Monday, August 7, 2017

Why You Worship a False god (Part One)

Let me just say upfront that I'm probably going to lose a lot of you with this "discussion," and not because of the offensive material but because of the metaphysical material. My experience is that people don't tend to be able to keep up. For example, my first college roommate was a Calvinist (you can look it up), but he was a Calvinist because he didn't understand the doctrine of predestination or what they mean by it. In his mind, since "god" knows everything, "god" also causes everything to happen. There is no free will. Foreknowledge equated control. Basically, "god" was upstairs with puppet strings attached to everything, and no one had any choices about anything.

How boring.

The problem was that he really just couldn't see the difference between foreknowledge and complete predestination (of everything) no matter how many times or how many ways people (not just me) tried to explain it to him. Some of the people who tried to explain it to him also didn't understand the differences in the concepts; they just knew that they had been told that Calvinism was wrong.

I only bring this up because it relates. We're going to talk about God and Time and why your god isn't actually God. And, sure, that part might be offensive, but I'm pretty sure I'm going to lose most of you way before we get far enough along for you to be offended. Unless, of course, you're already offended.

So let's start with something pretty basic:
For god to be God, He has to be outside of time, the maker of Time. That's pretty standard thought nowadays, in theory, at least among "christian" theologians, so I'm probably not losing anyone yet, theoretically. Until we get to the part where we're dealing with what it means to be outside of Time, but I'm not got to get into that, because that's kind of like asking a fish what it's like to be outside of water. And the fact that most of you probably don't get the part where Time is not some linear stream that has always existed.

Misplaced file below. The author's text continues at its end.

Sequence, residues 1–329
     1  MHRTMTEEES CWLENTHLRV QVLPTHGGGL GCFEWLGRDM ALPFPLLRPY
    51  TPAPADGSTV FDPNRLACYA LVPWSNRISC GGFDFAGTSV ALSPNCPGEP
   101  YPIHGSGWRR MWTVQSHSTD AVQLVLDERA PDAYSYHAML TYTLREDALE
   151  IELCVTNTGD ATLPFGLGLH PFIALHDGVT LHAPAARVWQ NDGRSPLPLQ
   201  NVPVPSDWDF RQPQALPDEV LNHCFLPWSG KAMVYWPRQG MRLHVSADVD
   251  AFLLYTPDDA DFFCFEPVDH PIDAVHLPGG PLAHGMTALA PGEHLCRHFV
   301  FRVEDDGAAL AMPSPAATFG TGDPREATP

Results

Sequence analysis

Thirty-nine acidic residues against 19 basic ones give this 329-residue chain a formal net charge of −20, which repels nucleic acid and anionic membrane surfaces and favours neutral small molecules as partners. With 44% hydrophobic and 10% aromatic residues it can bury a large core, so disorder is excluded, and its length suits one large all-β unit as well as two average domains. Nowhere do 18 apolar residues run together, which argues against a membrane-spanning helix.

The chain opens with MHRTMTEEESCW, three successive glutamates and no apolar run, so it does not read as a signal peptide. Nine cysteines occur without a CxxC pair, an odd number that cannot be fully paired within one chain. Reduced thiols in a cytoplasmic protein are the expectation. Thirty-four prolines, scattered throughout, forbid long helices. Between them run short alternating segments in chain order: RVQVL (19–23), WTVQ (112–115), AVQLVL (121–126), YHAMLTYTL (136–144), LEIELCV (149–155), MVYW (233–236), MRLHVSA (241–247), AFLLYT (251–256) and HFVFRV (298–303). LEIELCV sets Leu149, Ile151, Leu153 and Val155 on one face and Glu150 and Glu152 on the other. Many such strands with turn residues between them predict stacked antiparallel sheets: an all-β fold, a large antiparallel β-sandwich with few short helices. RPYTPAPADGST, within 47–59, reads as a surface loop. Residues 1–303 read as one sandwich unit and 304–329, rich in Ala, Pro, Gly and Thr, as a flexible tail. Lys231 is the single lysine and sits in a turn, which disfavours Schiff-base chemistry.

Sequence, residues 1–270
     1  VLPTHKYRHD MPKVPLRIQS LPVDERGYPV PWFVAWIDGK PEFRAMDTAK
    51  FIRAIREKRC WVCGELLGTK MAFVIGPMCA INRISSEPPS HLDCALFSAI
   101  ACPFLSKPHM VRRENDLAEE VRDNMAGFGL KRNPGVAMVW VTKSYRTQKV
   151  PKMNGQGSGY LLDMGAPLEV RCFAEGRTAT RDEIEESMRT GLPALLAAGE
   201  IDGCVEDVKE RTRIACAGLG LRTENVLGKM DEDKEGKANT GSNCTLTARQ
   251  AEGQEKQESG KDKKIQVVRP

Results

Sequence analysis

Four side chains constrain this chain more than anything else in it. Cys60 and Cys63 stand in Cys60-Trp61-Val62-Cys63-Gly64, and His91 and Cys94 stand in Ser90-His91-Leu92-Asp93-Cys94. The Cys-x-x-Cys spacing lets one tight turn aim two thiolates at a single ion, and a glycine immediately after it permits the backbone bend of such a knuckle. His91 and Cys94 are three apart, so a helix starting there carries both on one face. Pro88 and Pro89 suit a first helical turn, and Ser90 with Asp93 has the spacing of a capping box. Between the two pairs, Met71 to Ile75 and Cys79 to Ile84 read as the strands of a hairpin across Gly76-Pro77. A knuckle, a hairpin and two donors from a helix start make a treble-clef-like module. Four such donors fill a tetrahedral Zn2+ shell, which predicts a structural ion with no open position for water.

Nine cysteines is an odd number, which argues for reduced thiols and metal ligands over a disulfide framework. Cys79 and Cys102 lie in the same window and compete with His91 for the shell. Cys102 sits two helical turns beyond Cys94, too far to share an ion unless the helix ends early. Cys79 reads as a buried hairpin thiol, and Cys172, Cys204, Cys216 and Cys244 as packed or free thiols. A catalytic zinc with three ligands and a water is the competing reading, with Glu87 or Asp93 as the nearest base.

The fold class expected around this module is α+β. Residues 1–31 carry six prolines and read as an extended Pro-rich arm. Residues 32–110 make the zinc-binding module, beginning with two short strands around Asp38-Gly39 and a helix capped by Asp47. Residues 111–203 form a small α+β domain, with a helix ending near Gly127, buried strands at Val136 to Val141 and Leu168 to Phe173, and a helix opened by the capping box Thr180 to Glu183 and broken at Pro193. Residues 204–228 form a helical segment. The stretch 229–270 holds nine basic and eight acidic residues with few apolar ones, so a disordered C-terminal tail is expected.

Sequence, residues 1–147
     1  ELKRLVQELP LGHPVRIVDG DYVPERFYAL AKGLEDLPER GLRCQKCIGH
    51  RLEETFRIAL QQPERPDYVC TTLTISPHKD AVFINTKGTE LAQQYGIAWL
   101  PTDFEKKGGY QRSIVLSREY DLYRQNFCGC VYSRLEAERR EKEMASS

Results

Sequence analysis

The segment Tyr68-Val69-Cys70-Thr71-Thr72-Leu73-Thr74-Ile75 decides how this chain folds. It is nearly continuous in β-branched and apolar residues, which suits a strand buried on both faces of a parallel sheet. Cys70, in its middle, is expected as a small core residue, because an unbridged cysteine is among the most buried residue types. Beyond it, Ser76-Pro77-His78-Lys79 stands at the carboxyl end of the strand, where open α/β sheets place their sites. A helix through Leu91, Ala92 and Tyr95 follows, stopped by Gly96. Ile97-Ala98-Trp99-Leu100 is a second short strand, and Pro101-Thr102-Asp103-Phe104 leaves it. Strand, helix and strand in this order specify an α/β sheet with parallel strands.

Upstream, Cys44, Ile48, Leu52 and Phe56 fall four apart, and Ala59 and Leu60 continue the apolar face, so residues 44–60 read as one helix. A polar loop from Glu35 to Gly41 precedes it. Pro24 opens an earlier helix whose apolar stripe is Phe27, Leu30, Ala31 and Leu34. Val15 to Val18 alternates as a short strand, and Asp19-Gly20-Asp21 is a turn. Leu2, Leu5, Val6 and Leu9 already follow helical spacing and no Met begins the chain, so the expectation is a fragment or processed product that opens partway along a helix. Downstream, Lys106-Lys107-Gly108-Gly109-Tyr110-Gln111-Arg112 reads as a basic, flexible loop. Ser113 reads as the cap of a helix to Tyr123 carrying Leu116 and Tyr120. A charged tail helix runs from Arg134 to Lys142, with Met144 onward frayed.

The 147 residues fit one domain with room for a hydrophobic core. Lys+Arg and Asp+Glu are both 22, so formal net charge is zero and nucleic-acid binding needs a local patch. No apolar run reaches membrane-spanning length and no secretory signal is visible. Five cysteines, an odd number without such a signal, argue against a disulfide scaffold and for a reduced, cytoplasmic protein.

Maybe you're wondering why that even matters, but it matters in that, for god to be God, He has to be omniscient, and He can't be omniscient from within Time. To know everything, you have to be outside of everything, including Time.

And it matters because of sin.

Before I go on, let me state quite clearly that I am NOT just talking about Christianity here. I'm also talking about Judaism and Islam. It's all the same god, and all three religions suffer from the same issue: sin.

Here's where we start getting tricky...

Men are linear creatures, time-wise; therefore, our views of people tend to be pretty tied into whatever they did last. The quality of a person is based on his/her most recent actions. That's the linear view.

And that's the view religious people, of whatever religion, tend to take, too, hence all of the sin, repent, repeat nonsense. Because you can't go to heaven if you have sin, and you're only as good as your last repentance.

Christianity, theoretically, deals with this issue. Jesus was intended to be the one and only sacrifice that would wipe sin from your life both backwards and forwards. Hebrews 10:10 -- "...we have been made holy through the sacrifice of the body of Jesus Christ once for all." The idea for the need for constant repentance (sacrificing) has been dealt with by the one sacrifice of Jesus, so sacrifices are no longer needed. Provided, of course, that you accept the One sacrifice of Christ as your own. This is what the writer of Hebrews is saying. [Note: The writer of the book of Hebrews is unknown, but it was almost certainly NOT Paul. The asshole.]